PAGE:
“Seared Wagyu Couloote Steak, served with fried baby broccoli.” This meat was fantastic, just perfectly soft and juicy. The broccoli was amazing, like little popcorn.


But this beef jus that went with it was the real stunner. Amazingly rich. Everything of course went perfectly with the perfect Cabs.

And now we have the Cab blends, and even more blockbuster trio.

2007 Screaming Eagle. Parker 100! “The most profound Screaming Eagle since the 2002 and 1997, the 2007 Cabernet Sauvignon (an 800-case blend of 77% Cabernet Sauvignon, 20% Merlot and 3% Cabernet Franc) offers up a prodigiously pure, complex nose of cassis, spring flowers, licorice and black currants, the latter component being so intense and lingering that it makes this cuvee stand apart from other Napa Valley wines. Full-bodied in the mouth, like a ballerina on her toes, this wine glides gracefully across the palate with a cascade of purity, equilibrium and compelling complexity. Extraordinary balance and elegance combined with power make for an utterly stunning wine that should drink well for two decades or more. Even though the estate is being reconstituted and a new winery built, this wine still came from the old sector of the vineyard (15.5 acres) that was used by the previous proprietor, Jean Phillips.”


2002 Harlan Estate. My personal favorite of the group. Not only massive, but just so bright and fruity! Parker 100! “Very deep garnet-black colour with a purple rim. The nose is still a little closed giving notes of blackberry, black cherries, dark chocolate, tobacco, cigar boxes and cinnamon. The palate displays faultless structure and balance: very finely grained, firm tannins, medium to high acid and incredible intensity. Perhaps paradoxically, this wine is at once rich and full bodied yet exquisitely elegant. Although taut, it is already irresistibly tempting to drink. Epic finish with lingering flavours of Chinese dried plums, truffles, and an interesting iron/stony nuance. Drink 2009 – 2030+. Tasted November 2008.”


1997 Harlan Estate. Parker 100! “The 1997 Harlan Estate is one of the greatest Cabernet Sauvignon-based wines I have ever tasted. A blend of 80% Cabernet Sauvignon, with the rest Merlot and Cabernet Franc, this enormously-endowed, profoundly rich wine must be tasted to be believed. Opaque purple-colored, it boasts spectacular, soaring aromatics of vanilla, minerals, coffee, blackberries, licorice, and cassis. In the mouth, layer after layer unfold powerfully yet gently. Acidity, tannin, and alcohol are well-balanced by the wine’s unreal richness and singular personality. The finish exceeds one minute. Anticipated maturity: 2001-2030.”


To go with this trio of stunners we have “Grilled Venison Chops, shaved black truffles, mushrooms, and a squash puree.” Not quite as amazing as the beef (that was REALLY amazing), but great too.


Just a small sampling of the glasses on the table. Unlike some, I was keeping up with mine and only had the Cab blends. But some folk were starting to worry, “Oh my God, if I don’t finish all these perfect wines Dionysian Maenads will flay the skin from my flesh!”


Passion fruit sorbet as pre-dessert. I love passion fruit, and this was one of the best passion fruit sorbets I’ve had. I spent about fifteen minutes eating it incredibly slowly by shaving off just a sliver on the spoon, then adding to the mouth-mix an alternating trip of perfect wines. It was actually, IMHO, the best pairing of the night.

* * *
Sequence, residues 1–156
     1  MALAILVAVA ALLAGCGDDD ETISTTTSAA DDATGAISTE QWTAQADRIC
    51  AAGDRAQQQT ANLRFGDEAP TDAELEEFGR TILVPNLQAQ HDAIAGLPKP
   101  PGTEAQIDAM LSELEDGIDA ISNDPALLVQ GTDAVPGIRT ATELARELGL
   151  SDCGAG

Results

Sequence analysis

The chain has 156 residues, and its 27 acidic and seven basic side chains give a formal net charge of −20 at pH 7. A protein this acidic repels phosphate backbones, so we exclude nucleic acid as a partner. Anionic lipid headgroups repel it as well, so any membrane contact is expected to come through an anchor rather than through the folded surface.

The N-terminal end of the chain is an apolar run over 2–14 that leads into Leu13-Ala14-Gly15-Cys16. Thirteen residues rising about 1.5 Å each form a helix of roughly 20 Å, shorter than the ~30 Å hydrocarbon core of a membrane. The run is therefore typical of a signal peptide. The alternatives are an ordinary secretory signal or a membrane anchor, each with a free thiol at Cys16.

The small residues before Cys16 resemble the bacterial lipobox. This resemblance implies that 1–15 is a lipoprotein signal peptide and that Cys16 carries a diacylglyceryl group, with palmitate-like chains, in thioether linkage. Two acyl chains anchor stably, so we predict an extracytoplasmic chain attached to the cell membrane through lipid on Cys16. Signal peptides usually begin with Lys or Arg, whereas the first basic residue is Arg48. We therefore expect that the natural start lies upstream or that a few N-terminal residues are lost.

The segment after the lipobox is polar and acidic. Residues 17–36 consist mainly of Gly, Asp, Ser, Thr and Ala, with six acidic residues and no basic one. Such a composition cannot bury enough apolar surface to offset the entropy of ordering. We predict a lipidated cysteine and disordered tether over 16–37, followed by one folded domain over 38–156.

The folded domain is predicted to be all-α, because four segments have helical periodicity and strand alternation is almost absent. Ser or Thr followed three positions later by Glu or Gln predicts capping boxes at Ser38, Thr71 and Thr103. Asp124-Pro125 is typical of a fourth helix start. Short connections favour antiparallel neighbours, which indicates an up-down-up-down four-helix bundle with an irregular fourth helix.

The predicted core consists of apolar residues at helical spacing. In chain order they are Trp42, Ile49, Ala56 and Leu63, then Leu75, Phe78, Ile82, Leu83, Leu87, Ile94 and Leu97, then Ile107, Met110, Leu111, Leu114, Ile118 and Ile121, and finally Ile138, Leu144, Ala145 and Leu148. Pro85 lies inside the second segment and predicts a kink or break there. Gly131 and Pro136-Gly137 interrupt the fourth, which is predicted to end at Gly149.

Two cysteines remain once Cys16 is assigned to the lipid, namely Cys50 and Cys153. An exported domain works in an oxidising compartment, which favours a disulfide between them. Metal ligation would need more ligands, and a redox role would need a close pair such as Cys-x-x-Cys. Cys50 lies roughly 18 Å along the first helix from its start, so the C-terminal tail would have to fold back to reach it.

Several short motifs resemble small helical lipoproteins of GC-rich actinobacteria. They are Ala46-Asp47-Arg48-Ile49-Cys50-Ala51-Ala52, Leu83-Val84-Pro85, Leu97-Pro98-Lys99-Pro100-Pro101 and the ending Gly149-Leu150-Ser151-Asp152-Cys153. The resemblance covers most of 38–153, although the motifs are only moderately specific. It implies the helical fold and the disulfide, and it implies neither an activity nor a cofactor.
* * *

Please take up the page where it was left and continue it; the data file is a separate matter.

R.L. Buller Calliope Rare Muscat. Yum Yum! Parker 100! “Giving aromas of dark brown sugar, black strap molasses, licorice and preserved walnuts, the deeply brown colored NV Calliope Rare Muscat is again incredibly sweet and viscous with a good amount of acid to balance and is decadently rich and nutty / spicy in the very long finish. All these vintage blended fortified wines are bottled to drink now and though are stable enough to hold, they are not designed to improve with cellaring.”


This was about as good as “Chocolate Lava cake with vanilla Ice Cream” gets. The extra elements added a little texture, but the inside of the cake had that perfect runny chocolatly goodness. It of course went perfectly (getting a lot of use out of that word tonight) with both the Cab blends and the Muscat.


Good to the last scrape.


The full line up!

This was some rather serious dining, and some even more serious drinking! Really an embarrassment of riches. I was very impressed with the cooking. It betrayed both hints of Sam’s signature (and awesome) palette, and a bold kind of styling and presentation that I am guessing comes from our budding new Chef Mustafa (who has cooked in many great kitchens before this too). The dishes pretty much concentrated on fantastic ingredients and bold but not over-layered flavors, which showcased perfectly (there it is again!) the epic wines.

Click here for some tamer meals at regular Fraiche Santa Monica or Culver City or:

here to see more Foodie Club posts.

Eating Florence – Nove IX

Restaurant: Nove IX

Location: Florence, Italy

Date: June 17, 2011

Cuisine: Modern Tuscan

Rating: Tasty!

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Our Florentine friend brought us to this attractive new place on the banks of the Arno river as the sun was making it’s way into that great tunnel in the west.


It’s actually about three blocks to the left of this, past the Ponte Vecchio. Nove IX is more typical of a city like Florence than most of the Tuscan restaurants we have been eating at in that it’s a bit more modernized, trendy. Still, the cuisine is solidly rooted in the local countryside.


The menu.

The have their own olive oil.


This 90 point Chianti Rufina is readily available in the Florence area. “The 2007 Chianti Rufina Riserva shows the open, opulent personality that makes this vintage so alluring. Ripe, silky tannins frame a core of red fruits, flowers and spices, all of which come together with unsual grace. Though medium in body, there is wonderful generosity to the fruit, not to mention fabulous overall balance. Anticipated maturity: 2010-2015.”


This is a tartar of beef with parmesan.


And on a more modern note, a tartar of tuna with avocado and tomato.